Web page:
LIAM COYLE has hailed Jim McLaughlin as the biggest influence on his remarkable football career and one of the greatest League of Ireland managers of all time.
The legendary striker felt it was a timely and fitting tribute by Derry & Strabane District Council to offer McLaughlin the freedom of the city in recognition of his treble winning heroics 30 years ago next May - a extraordinary feat which remains unmatched to this day in the League of Ireland!
McLaughlin, who was born in Quarry Street, Brandywell in December 1940, brought Coyle back to Derry City from rivals Finn Harps in 1988 and the rest, as they say, is history as Coyle went on to become of the finest players ever to grace the League of Ireland and Derry swept all before them on their way to a unique domestic treble.
While McLaughlin had already achieved a level of greatness with Dundalk for winning the league three times and an FAI Cup and league double and, of course Shamrock Rovers, his name will forever be etched into the history books at the Brandywell Stadium for his unrivalled success during that golden era.
Coyle believes McLaughlin never received the plaudits his achievements during the 1988/89 season deserved and while he did receive three Soccer Writers’ Association of Ireland Personality of the Year awards (1979, 84 and 89) and a Special Merit award from the FAI in 2002, he reckons this particular honour from his hometown will rank among the Brandywell native’s most cherished accolades.
“He’s a Brandywell man, he’s a Derry man and he loved Derry City so this will mean so much to him,” said Coyle who was the youngest member of the treble winning squad.
“Not taking away from the other awards he’s been given but for Jim and his family, this will be a great recognition for what he’s achieved.
“Everybody who played under him, not just at Derry but in the whole of the League of Ireland, holds him in such high esteem.
“He’s a local man, grew up in Quarry Street not far from where I grew up. Obviously the treble was the pinnacle of Derry’s history and I’m sure Jim would say it was his highlight as well.
“He had won all his trophies away from home but the fact he’s being honoured now, on the 30th anniversary, is very fitting and fully deserved.”
Some opponents criticised McLaughlin for being a ‘chequebook manager’ while former Derry City boss, Noel King famously referred to the treble winning team as ‘Shamrock Rovers B team’ but Coyle believes it’s only now that people are realising how incredible his achievements were.
‘Macker’ doesn’t have to justify himself. His record of eight league titles, seven FAI Cups and four League Cups during spells with Dundalk, Shamrock Rovers and Derry City stands the test of time!
“I don’t think Jim was ever fully appreciated at the time. He had a lot of people going against him. Some in the local press had a go at him and he obviously had to fight the Dublin press all the time. They never gave him the plaudits he deserved.
“At the time we won the treble everybody said, ‘Sure he bought this and bought that, not realising that what an achievement it was.”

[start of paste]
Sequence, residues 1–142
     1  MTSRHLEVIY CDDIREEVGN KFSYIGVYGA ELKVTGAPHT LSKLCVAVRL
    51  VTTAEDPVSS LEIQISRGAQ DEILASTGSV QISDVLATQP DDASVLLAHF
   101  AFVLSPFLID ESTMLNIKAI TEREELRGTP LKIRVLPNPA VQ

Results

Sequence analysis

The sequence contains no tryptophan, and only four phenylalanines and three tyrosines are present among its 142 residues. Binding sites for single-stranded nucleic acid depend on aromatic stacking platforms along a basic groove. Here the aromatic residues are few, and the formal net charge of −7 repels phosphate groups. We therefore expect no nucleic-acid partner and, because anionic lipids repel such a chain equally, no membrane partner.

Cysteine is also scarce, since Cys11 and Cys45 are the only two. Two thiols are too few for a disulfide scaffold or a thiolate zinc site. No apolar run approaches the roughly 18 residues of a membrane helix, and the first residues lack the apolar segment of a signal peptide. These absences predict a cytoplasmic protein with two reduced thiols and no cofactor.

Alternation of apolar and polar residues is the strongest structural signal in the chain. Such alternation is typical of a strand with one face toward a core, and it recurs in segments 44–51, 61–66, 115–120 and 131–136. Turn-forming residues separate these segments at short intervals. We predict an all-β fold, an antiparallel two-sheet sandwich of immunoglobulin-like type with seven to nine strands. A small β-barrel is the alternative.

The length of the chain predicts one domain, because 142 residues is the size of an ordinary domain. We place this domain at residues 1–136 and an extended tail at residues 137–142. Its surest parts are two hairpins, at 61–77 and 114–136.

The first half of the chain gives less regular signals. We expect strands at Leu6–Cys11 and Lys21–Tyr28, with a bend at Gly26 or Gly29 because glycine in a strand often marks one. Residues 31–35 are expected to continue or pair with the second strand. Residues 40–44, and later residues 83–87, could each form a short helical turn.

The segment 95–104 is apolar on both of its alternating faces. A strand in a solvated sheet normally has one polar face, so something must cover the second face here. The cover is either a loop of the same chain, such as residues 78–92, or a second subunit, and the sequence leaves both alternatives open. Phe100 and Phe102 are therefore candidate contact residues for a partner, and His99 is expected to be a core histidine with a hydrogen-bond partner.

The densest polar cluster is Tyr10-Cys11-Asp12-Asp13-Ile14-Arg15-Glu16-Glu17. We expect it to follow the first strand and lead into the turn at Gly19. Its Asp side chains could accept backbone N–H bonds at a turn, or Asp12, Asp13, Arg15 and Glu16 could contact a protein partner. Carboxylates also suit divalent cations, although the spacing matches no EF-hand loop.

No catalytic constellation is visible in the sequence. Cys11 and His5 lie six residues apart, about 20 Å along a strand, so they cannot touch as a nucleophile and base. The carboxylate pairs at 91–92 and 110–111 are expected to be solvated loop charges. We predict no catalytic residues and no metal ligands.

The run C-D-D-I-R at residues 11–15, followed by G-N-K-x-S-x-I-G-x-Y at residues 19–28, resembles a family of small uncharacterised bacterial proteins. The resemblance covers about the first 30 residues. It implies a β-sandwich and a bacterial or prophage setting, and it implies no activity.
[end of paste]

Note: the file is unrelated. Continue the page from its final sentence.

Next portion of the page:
McLauglin’s major successes came as a manager but he also enjoyed an impressive playing career and was capped 12 times, scoring six goals for Northern Ireland.
In October 1961 he took over the left wing spot from Peter McParland, scoring against Scotland on his debut and twice against England in a defeat at Windsor Park.
His club career began as a 16 year-old with the Candy Stripes in 1957 but he made the bold decision to move to England where he represented Birmingham City, Shrewbury Town and Peterborough during 14 seasons, scoring 26 league goals in 456 appearances.
“People forget he was a top player too,” adds Coyle. “Obviously his management overtook his playing career but he was a top player.
“He went to England when he was young and made his career over there. He was at Derry with my father, Fay, when he was very young as well. That’s how the connection with me came about because he was close to my father.
“But for Jim to go away to England to make a career for himself at such a young age was a big thing then.
“Then to come back and re-invent himself as one of the greatest, if not the greatest manager in League of Ireland history is some achievement. It just shows you his desire and will to succeed. He put that across to all his players.”
Coyle’s relationship with McLaughlin began at the age of 17 when he called to his house as manager of the Irish Olympic squad to assure him he would sign him should he be appointed Derry City boss. And Coyle believes it was his character and motivational skills which demanded respect amongst his players.
“From an early age Jim was looking after me, even when I wasn’t involved with Derry. He had belief in me and knew I had a bit of talent to be able to play in that side.
“Jim was probably the most important person I met in my football life,” he insisted.
“He could see things in you which maybe other people couldn’t and maybe that’s the genius of him. He made me believe I could be a top player and to go and do what we did that season, with that group of players , was really special.”
Ireland U21 boss, Stephen Kenny, who matched McLaughlin’s three SWAI Personality of Year awards in 2018, came so close to emulating the Derry man when guiding Dundalk to two league and cup doubles but was unable to complete the clean sweep.
“As the years go on, you think somebody is going to match it but it seems to be even harder. Stephen Kenny has been trying for 13 years. He makes no bones about it that he wanted to emulate McLaughlin but he just wasn’t able to do it. Every year I keep saying there will be somebody to do it but here we are, 30 years later.”